My boys and the lovely owners of the restaurant.
The most famous thing to do in Amanohashidate is to take a cable car to the mountains at either end of the sand bar and view the spit upside down; by doing this, the sand bar is meant to look like it is floating – mention Amanohashidate to any Japanese and immediately they will bend over and look between their legs. We took the cable car on the north side and the view from the top was beautiful. It was also a total Japanese tourist spectacular complete with dancing mascots and surprisingly, very hot so after we had our obligatory photo, we headed down on the chairlift.
Is it floating?
Time to check into our minshuku. As I left it a little late and it was obon (holiday season) accommodation options were limited and expensive so it really shouldn’t have been a surprise that our room was less than ideal. I won’t say much more than it was dirty and noisy and that to find better accommodation, check out Tripadvisor and other related sites.
Due to the room being what it was, we took the kids down the beach and at 4:30, it was absolutely perfect. Most people cleared off by 5pm – the kids and I were able to jump off the pontoons as many times as we wanted (and without everyone thinking, what is that crazy foreign woman doing?) It was only the jellyfish stings that drove us out.
The beach in the afternoon – bliss!
Another downside – most of the restaurants shut early as it is custom to have dinner in your ryokan. My kids are still a bit fussy when it comes to unknown food so I wasn’t prepared to pay an extra 1000yen each and potentially buy more food. So we went to the local supermarket and had a picnic by the bay.
The fishing village of Ine.
After a decent sleep and breakfast, we jumped on the bus to Ine, a traditional fishing village about 20 minutes from Amanohashidate. Ine is famous for Funaya, traditional houses that are built over water; boats are stored on the first floor and living quarters are on the second floor. Get off at Hide to take a 25 minute boat ride around Ine Bay. This was truly one of the most beautiful things I’ve ever seen in Japan. The water was perfectly crystal clear, the houses so beautiful and you could feel yourself stepping back in time. My boys also loved it. After the boat ride we walked through the village, it felt like a ghost town however the futons hanging off the balconies told us otherwise.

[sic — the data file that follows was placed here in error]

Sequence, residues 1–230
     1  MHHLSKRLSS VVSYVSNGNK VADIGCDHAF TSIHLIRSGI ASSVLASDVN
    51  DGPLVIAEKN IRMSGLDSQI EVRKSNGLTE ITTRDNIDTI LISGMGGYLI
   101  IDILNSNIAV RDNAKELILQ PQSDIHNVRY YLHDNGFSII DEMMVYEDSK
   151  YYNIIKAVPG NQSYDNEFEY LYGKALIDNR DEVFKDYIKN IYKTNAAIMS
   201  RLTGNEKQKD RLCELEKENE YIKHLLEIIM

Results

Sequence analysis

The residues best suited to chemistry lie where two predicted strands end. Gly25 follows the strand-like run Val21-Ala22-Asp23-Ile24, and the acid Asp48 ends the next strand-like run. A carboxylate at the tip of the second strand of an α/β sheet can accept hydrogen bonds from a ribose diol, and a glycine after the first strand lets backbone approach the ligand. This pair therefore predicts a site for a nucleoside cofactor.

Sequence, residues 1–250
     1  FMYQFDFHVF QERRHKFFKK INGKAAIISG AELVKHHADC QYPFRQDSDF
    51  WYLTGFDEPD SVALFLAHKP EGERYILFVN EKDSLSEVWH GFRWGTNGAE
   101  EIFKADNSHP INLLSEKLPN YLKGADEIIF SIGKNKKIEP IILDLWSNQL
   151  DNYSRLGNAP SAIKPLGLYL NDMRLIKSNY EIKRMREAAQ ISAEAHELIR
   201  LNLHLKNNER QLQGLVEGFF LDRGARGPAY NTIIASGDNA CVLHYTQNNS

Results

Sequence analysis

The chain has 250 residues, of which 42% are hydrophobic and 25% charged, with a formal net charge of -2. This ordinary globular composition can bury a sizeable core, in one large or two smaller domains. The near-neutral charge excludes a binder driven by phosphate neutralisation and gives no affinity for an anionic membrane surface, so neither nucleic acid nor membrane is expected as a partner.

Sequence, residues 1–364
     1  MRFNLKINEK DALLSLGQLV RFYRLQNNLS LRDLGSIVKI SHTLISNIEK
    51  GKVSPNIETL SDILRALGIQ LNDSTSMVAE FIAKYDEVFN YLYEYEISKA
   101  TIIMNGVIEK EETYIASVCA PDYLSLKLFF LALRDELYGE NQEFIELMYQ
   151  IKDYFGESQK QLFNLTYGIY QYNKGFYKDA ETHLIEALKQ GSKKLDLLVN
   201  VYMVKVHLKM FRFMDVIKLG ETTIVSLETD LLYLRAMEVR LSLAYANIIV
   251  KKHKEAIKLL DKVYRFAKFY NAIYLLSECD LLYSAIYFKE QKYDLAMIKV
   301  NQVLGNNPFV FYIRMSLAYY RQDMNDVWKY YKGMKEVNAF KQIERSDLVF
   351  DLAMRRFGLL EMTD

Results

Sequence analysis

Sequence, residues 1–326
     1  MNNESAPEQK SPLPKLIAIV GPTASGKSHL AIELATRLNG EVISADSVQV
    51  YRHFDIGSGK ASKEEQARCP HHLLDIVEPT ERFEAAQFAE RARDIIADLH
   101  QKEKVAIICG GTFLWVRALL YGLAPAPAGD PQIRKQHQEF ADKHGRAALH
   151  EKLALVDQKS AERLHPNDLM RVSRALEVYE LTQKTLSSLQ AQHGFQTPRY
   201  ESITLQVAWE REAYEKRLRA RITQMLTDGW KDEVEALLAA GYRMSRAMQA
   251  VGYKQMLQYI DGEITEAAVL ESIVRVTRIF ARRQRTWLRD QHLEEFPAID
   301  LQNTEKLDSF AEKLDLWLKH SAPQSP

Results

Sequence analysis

A boat in the garage.
After Ine, we were all so tired and ready to come home. It was a great holiday destination for the kids – water, boat rides, cable cars, trains, all things little boys love and it is nice for the kids to get out and explore the natural beauty of Japan. I would love to take more time to explore this beautiful area. Next time, I’d hire a car and take a few days to drive and stop wherever looked interesting.
To find out more about Amanohashidate, Ine and the Tango Peninsula, check out these websites:
Mum to three very loud boys and wife to a patient Japanese man, I'm Australian and moved to the Kansai area in 2012. Aside from navigating all the craziness of being a mum in another country, I work semi-full time and try to keep my sanity! Of course I clean but I don't cook!